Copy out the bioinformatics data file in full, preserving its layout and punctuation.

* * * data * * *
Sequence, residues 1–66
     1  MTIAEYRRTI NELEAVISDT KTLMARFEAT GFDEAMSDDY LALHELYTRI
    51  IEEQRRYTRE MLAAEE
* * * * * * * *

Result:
Sequence, residues 1–66
     1  MTIAEYRRTI NELEAVISDT KTLMARFEAT GFDEAMSDDY LALHELYTRI
    51  IEEQRRYTRE MLAAEE